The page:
How to help a grieving child
A Foundation Community Grant helped support bereaved children with group counselling sessions as they learn to live with the impact of grief and trauma following the death of a parent.
Children grieve significant losses in their lives just as intensely as adults. Sadly, one in 20 Australian children have experienced the death of a parent, leaving them at risk of negative long-term effects if left untreated.
A recent Community Grant helped fund ‘A Friend’s Place’, an ongoing group counselling workshop run by the National Centre for Childhood Grief (NCCG).
Grieving children often feel different and alone. Group counselling introduces them to others who’ve experienced a big loss, helping them understand their grief response is a normal reaction to death.
A grieving father’s story
Reeling from the death of his beloved wife, Kyle* and his little daughter turned to ‘A Friend’s Place’ to help them cope.
“When my wife died at the age of 38, leaving me with a 3-year-old little girl, struggling to understand what had happened to her mother and why, I faced new challenges that I was ill-equipped to handle.
‘A Friend’s Place’ was a godsend and the dedicated team of volunteer counsellors enabled me to help my daughter make some sense of her new life. There she found a place that was caring and accepting without question. A place where she could meet other children who had suffered a similar fate, and a place where she could be herself and express her feelings without judgement by others who did not understand what she was going through.”
How do grieving children feel?
Bereaved children attending group counselling sessions at ‘A Friend’s Place’ had the following to say:
- “We don't talk about my mum at home much anymore because it makes us all cry. I only talk about her at ‘A Friend's Place’.” Milly, 7
- “I spend more time on my own since dad died, or with friends. Mum is too busy to talk to me much. I'm scared she will die too because she gets so tired.” Tim, 10
- “I don't sleep as well since my mum died and I worry a lot more. I think I am quieter because I don't feel as important. I'm glad that the people at ‘A Friend's Place’ have time to listen.” Jade, 11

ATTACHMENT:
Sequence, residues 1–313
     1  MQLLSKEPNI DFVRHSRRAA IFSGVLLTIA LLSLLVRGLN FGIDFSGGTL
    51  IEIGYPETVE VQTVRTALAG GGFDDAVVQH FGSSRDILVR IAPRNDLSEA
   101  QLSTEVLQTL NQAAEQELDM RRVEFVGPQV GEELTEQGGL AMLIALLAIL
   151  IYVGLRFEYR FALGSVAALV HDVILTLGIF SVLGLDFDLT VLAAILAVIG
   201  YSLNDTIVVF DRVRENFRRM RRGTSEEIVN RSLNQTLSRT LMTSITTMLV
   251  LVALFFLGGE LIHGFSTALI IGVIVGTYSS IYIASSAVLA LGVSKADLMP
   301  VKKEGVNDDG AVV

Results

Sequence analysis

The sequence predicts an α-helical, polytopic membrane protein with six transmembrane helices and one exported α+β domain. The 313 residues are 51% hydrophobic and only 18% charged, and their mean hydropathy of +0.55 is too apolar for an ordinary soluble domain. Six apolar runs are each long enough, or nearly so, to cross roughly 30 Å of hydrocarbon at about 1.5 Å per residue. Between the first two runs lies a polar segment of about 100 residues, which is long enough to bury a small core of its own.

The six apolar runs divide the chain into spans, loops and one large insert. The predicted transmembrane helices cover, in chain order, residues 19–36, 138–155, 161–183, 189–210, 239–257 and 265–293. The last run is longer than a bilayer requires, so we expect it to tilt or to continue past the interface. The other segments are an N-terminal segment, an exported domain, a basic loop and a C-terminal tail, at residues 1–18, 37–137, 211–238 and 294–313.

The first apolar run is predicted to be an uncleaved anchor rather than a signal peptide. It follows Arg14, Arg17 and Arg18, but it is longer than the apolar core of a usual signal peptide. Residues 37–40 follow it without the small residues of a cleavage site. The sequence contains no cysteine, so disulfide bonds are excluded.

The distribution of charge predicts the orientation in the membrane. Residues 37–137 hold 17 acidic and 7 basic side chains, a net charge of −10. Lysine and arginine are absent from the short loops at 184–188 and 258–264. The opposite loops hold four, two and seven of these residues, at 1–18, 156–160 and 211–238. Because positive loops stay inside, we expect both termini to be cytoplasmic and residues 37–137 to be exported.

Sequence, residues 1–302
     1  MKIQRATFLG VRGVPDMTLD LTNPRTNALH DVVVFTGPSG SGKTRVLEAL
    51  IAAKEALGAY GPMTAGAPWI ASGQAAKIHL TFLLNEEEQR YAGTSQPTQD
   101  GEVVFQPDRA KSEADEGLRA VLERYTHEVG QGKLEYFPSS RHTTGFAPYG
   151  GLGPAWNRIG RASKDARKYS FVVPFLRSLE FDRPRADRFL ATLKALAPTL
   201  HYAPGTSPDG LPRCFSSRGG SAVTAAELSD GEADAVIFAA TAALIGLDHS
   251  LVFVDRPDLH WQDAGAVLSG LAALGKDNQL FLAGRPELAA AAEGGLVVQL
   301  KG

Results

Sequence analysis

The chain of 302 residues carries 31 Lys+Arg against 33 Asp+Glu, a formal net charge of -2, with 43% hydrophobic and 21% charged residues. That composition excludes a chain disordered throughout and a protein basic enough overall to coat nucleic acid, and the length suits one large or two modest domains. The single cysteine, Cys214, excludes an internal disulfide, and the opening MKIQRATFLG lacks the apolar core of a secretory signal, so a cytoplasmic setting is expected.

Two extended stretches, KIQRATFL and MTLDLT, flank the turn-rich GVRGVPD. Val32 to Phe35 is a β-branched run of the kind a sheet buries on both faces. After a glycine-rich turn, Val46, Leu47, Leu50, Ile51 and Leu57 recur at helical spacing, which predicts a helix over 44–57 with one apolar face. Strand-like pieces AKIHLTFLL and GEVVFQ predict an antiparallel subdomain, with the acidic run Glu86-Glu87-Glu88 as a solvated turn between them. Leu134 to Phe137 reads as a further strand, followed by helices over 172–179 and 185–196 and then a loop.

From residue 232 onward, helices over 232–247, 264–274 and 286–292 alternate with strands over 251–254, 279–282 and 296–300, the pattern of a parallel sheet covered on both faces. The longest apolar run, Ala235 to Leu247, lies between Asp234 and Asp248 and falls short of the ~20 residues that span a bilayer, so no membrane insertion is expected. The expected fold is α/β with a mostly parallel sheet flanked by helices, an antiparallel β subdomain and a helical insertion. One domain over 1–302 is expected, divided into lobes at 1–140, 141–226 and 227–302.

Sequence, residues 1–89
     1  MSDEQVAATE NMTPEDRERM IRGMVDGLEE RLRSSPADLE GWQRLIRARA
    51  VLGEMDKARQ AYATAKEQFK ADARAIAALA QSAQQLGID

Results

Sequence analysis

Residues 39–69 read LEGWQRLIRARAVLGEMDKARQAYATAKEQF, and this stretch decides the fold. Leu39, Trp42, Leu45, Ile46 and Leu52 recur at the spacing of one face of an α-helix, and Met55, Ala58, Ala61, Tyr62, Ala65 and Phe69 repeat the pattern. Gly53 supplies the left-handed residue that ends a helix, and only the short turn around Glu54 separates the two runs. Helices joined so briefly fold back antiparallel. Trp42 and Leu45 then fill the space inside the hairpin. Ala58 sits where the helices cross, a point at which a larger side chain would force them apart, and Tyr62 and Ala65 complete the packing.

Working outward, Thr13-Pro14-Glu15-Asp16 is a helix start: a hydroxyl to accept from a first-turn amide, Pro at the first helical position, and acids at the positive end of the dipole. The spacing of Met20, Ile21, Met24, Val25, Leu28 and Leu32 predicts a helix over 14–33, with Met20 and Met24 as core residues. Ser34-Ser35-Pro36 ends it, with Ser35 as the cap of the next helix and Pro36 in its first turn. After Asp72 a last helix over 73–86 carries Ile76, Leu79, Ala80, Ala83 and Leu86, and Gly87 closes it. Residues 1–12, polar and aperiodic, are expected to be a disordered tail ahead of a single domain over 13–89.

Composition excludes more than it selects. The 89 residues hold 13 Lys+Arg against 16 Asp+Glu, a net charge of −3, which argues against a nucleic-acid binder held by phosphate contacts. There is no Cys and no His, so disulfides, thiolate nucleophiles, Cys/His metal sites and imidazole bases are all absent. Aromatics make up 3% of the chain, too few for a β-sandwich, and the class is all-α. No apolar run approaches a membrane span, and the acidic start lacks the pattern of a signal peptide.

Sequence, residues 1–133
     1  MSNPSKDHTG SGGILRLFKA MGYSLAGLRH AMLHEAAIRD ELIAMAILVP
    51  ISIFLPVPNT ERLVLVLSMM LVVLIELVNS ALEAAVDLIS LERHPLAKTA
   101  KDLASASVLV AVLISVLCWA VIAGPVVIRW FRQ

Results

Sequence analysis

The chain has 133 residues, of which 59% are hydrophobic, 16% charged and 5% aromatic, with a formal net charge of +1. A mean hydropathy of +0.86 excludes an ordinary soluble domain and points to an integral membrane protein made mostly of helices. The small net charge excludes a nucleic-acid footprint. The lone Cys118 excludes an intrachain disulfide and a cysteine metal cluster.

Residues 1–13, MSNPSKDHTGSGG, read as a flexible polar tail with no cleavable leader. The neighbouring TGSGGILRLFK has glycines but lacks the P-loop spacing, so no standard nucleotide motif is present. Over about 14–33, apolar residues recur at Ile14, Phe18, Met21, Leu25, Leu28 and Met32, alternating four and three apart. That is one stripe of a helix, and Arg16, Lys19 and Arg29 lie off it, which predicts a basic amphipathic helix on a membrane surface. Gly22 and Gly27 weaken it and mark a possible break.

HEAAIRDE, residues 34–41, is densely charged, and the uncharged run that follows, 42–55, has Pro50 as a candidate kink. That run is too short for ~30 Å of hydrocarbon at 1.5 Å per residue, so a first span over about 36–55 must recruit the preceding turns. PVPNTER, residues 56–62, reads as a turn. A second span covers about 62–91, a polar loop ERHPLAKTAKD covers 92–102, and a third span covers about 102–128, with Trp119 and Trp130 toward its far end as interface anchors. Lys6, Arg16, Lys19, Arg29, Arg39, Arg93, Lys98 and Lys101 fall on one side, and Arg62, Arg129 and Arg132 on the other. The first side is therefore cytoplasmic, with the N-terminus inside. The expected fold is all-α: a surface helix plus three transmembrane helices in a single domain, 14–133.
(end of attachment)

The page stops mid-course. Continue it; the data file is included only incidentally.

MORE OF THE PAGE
- “I think I'm stronger and smarter since my mum died, and everyone says I talk a lot more. I try hard to take care of my little brother because dad is so busy.” Michelle, 10
- “My whole family has changed since dad died. No more hospital visits. Mum is softer and less hard on me. She seems more understanding since we went to ‘A Friend's Place’.” Anthony, 11
- “I am so sad all of my body hurts.” Matthew, 5
Therapy moves online
Like many of our community grant recipients, the NCCG adapted quickly to social distancing requirements and, in April 2020, began running its counselling sessions via Zoom.
“Many of our bereaved families are really struggling during this time as their grief has exacerbated due to COVID-19 and they are missing their loved ones even more intensely,” explains NCCG Development Manager Annette Gurr. “Being able to provide them access to our services online during lockdown and ongoingly has been a massive support to them.”
What is the Community Grants Program?
Every year the Sisters of Charity Foundation provides grants of up to $15,000 to small organisations that use clever ways to fight poverty, loneliness, suffering and oppression. We rely on the generosity of our supporters to fund our Community Grants Program.
*Name changed to protect privacy.
How We Help
Each year we’re able to make a difference to thousands of people across the country with funds generously donated by compassionate Australians. We support initiatives that focus on benefiting the disadvantaged, marginalised and socially isolated people in our community.